Britain is a small, isolated isle, stuck between France/Mainland Europe and the Atlantic Ocean. And the place is swarming with talent. This was the place where punk was born, where post-punk spewed forth. Glam rock originated here. Heavy Metal can be traced back to Britain. Rave music and Big Beat can thank Britain for giving it it’s start. Same goes for Trip-Hop. Indie Rock would never be the same without the artists from Britain making up the bulk of indie rock’s catalogue. Not to mention pop (…fucking Spice Girls…). The place has manicured superstars of the music world since music was a thing. Britain is the birthplace of legends and world dominators such as The Beatles, The Rolling Stones, Black Sabbath, Pink Floyd, Led Zeppelin, The Who, Radiohead, The Prodigy, Portishead, New Order, Blur, Oasis, Arctic Monkeys, The Stone Roses, The Cure, The Clash, The Sex Pistols, David fucking Bowie! Now, you can add The Horrors to that list.
Admittedly, The Horrors have been out for quite a while. Seven years to be precise. All seven of these years have been focused on one thing: creating mind blowing haunting and beautiful melancholy music that can still rock you like an earthquake (if you thought I was going to say hurricane….no words). Their second offering of possessing post-punk, ‘Primary Colours’ (released in 2009), is unmatchable in it’s execution and style. It’s a more mature and straight faced record than their excellent debut, ‘Strange House’, but it’s not as conceited as their third album, ‘Skying’, which is also amazing. Instead, The Horrors strike the perfect balance between sappy, The Cure-ish lyrics (circa ‘Three Imaginary Boys’) and ghostly and abrasive baroque and burlesque rock, in lieu of The Dresden Dolls. But wait! There’s more! There’s an overall slippery shining, shoegaze quality to their music, and easy going vocal delivery on the part of lead singer Faris Badwan, that is reminiscent of Morrissey’s work with The Smiths. Then there’s the tightness of sound, the tension that arises between the rhythm section that feels like it could snap at any moment, and slackens off only at the highest point of deliberation, similar to the acts Mudhoney and The Cramps. There’s a careless, snotty punk vibe, like The Clash, but now there’s also a gloomy, elderly, gothic overtone like the bands Killing Joke, Echo and the Bunnymen and Sisters of Mercy. And right at the bottom of the barrel, buried so only very few can find it, is the influence of lesser Brit-pop, from bands like Suede and The Libertines, the bands that no doubt inspired the younger Horrors to first pick up instruments.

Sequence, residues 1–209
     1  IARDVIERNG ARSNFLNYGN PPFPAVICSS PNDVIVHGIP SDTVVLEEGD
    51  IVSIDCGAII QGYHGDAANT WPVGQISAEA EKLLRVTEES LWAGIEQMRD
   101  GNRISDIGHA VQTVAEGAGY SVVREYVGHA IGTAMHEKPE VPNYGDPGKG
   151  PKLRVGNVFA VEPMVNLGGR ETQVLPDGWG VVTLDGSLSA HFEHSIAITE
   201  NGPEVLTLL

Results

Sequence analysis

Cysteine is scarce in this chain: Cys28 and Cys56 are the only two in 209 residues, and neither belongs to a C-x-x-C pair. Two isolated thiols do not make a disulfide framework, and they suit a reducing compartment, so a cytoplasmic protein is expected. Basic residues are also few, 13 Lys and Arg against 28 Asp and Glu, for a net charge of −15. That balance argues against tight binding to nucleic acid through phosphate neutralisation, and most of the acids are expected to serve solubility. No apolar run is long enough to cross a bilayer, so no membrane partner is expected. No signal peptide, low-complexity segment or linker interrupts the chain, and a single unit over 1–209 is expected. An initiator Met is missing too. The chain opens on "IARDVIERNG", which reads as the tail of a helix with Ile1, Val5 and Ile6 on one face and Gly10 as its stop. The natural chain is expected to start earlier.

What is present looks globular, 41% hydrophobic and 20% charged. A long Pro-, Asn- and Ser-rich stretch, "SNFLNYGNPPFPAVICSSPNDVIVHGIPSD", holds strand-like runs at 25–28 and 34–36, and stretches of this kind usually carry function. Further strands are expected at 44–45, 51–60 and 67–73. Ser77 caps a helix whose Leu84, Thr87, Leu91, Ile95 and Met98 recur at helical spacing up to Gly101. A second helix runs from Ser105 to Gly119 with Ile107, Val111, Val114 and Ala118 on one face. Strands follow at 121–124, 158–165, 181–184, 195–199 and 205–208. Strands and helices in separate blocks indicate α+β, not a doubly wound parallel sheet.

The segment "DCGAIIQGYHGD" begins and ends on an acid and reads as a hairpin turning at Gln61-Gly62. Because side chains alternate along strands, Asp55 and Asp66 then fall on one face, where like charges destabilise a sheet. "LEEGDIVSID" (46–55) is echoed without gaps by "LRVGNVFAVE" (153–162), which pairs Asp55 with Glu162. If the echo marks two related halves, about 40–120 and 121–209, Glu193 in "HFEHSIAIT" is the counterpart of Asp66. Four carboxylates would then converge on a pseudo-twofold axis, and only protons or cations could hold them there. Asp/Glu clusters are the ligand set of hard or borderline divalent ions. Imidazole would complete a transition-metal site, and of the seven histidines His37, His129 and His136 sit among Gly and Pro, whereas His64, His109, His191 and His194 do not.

With all the amalgamation of inspiration and mix of sounds, you might be led to believe that the record is just a mess. Instead, the album stays true to it’s post-punk roots, only letting the garage rock and goth efficiencies shine when it seems appropriate. For example, the near finisher ‘Primary Colours’ is an almost, almost bouncy song that jumps with playful delight only brought crashing to reality by the somber tone of Badwan. The song scrunches it’s forehead and jiggles it’s head, but it can’t shake that nagging feeling that hangs over the record. The nagging feeling of being alone forever, being discussed by other people behind your back, the paranoia of love, the absurdness of life. ‘Primary Colours’ is an introspective record as well as a rioting one, one that knows when to ponder (‘Do You Remember’) and when to, to borrow MC5’s line, ‘kick out the jams’ (‘New Ice Age’, which is just an excuse for The Horrors to bring out as many pedals as possible, and try to use them all within a 4 and a half minute period).
The record is a true sign of a band having found their feet and not being afraid to try new things. It’s certainly a departure from the ‘Strange House’ method of howling and thrashing in a puddle of drug fueled angst. ‘Primary Colours’ can teach you a thing or two about youth and the simple dreariness of it all, and be your companion on lonely Saturday nights (‘Who Can Say’), or it could be a hidden gem you enjoy in introspective solitude of lustful concentration (‘I Only Think Of You’). Hell, it even delivers on a ditzy, irrelevant toe-tapper, ‘I Can’t Control Myself’. It’s got something for everyone, not just the angsty adolescent. However, the angsty adolescent demographic is probably the group to enjoy it the most, as soon as the finish buying their new Joy Division shirts off E-Bay, and polishing their copy of ‘Disintegration’ by The Cure.